The prime test of persuasion is that the change is truly voluntary. –Robert K. Greenleaf

Good day, Gentle Reader.  Today I am going to offer us a lengthy quotation from one of Greenleaf’s unpublished essays.  I do not know the date of this draft but given that he does not mention ‘servant’ or servant-leader’ I assume he wrote the draft prior to 1969.

As I noted in other posts, Greenleaf defines ‘persuasion’ as ‘influence’.  For our purposes today I invite you to hold two definitions: Persuasion= to convince via logical argument [‘Argument’ in the Socratic sense not in the sense of ‘winning an argument’] so the person freely states: ‘This is where I choose to stand.  Influence = the capacity to use inquiry rooted in integrity, over time, in order to allow the other to emerge and to emotionally own his/her own thoughts and behaviors/actions so they will choose to be unconditionally response-able, responsible, appropriately reactive and accountable.

Greenleaf writes: One accepts that all initiatives are taken by individuals, not by institutions.  Two kinds of initiatives are suggested:

  • Address, from the outside, the holders of ultimate coercive power in one institution at a time. Undertake to persuade [and influence]
  • Establish oneself inside some institution, avoid a coercive power role as much as possible, and slowly evolve as a persuader [and influencer] wherever there is opportunity.

 Both roles require diligent preparation.  One should not assume, just because one’s motives are good, that one is effective as a persuader [or influencer]

 This approach…has the virtue of being evolutionary rather than revolutionary.  The holders of the ultimate power need not commit themselves to a new and untried ideology (although one may evolve that they will be committed to).  They have an intent rather than a plan.  What is important is that the holders of coercive power, who are probably going to be ‘in charge’ for some time, (1) understand the value of persuasion [and influence] as the prime force(s) in the institution, (2) accept that they are inhibited from being persuasive [or influential] because they hold coercive power, (3) resolve to liberate as much persuasive [and influential] energy as they can, and (4) stand aside so that persuasion [and influence] can do the work.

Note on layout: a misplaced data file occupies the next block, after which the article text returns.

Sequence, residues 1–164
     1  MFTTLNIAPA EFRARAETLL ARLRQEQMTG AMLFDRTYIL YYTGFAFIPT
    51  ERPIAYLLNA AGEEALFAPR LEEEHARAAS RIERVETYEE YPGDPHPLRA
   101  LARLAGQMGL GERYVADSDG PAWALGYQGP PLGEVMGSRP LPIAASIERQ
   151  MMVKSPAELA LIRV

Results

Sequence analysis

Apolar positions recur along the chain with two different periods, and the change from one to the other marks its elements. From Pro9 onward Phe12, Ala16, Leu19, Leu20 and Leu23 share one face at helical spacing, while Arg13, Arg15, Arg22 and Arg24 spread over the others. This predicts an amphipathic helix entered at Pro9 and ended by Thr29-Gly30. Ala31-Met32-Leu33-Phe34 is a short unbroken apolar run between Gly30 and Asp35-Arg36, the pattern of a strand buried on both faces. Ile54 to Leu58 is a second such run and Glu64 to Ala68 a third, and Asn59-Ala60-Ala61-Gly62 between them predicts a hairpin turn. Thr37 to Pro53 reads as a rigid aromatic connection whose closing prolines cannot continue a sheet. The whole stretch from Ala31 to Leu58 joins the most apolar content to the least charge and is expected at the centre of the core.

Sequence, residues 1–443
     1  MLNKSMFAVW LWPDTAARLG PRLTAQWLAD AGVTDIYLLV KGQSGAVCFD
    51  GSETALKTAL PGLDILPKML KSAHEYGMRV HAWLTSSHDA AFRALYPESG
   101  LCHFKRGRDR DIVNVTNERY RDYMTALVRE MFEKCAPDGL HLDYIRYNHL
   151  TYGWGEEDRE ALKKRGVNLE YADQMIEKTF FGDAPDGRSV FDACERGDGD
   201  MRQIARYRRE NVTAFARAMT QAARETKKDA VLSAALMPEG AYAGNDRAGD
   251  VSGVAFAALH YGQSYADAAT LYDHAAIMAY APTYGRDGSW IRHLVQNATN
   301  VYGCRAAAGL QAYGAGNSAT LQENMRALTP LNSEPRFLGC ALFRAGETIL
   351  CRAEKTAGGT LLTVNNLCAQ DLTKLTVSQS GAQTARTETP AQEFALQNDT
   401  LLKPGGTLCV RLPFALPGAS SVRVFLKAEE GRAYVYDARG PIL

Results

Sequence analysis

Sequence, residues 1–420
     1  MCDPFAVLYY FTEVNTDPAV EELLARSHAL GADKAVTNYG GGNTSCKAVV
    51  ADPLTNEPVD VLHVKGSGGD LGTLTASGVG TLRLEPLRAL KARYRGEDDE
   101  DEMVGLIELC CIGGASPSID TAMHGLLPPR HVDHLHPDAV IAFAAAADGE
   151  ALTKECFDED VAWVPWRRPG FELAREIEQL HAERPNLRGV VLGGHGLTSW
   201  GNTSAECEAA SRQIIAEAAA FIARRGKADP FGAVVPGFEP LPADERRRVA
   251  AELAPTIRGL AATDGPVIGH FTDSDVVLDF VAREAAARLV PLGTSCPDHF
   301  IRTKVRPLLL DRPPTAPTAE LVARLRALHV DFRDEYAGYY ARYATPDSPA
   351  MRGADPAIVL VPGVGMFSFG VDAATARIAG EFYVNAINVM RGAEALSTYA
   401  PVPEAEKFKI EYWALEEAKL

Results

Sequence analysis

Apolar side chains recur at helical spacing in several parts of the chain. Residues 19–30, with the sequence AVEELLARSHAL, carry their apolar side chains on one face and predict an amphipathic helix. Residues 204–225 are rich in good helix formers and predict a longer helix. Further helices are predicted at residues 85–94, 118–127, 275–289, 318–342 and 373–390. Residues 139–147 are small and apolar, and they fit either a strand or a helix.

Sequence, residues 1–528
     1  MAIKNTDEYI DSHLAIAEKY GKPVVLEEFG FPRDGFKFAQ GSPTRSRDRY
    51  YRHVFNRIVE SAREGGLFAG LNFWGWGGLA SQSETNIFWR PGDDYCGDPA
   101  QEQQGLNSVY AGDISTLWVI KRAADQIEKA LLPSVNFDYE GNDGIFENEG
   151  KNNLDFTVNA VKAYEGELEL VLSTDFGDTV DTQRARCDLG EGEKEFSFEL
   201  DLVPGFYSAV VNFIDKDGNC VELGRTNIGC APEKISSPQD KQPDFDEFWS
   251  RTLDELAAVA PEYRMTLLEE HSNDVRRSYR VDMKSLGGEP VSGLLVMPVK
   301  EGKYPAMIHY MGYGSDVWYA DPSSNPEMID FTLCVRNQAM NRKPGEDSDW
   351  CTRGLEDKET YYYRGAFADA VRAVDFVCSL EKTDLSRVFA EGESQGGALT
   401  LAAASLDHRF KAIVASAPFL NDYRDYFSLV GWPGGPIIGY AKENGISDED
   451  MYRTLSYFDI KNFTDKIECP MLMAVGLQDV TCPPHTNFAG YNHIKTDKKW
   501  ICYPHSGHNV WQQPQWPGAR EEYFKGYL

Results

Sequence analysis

These are not wholly new ideas.  In our time it has become urgent that their impact should be greatly expanded – by persuasion [and influence].

 …Just one able and dedicated persuader [and influencer], standing alone, can be powerful.

What emerges for you, Gentle Reader, as you take the time to ‘Consider’ what Greenleaf offers us today?

…everyone is charged to lift what is low, to unite what is apart, to advance what is left behind. –Rabbi Abraham Joshua Heschel

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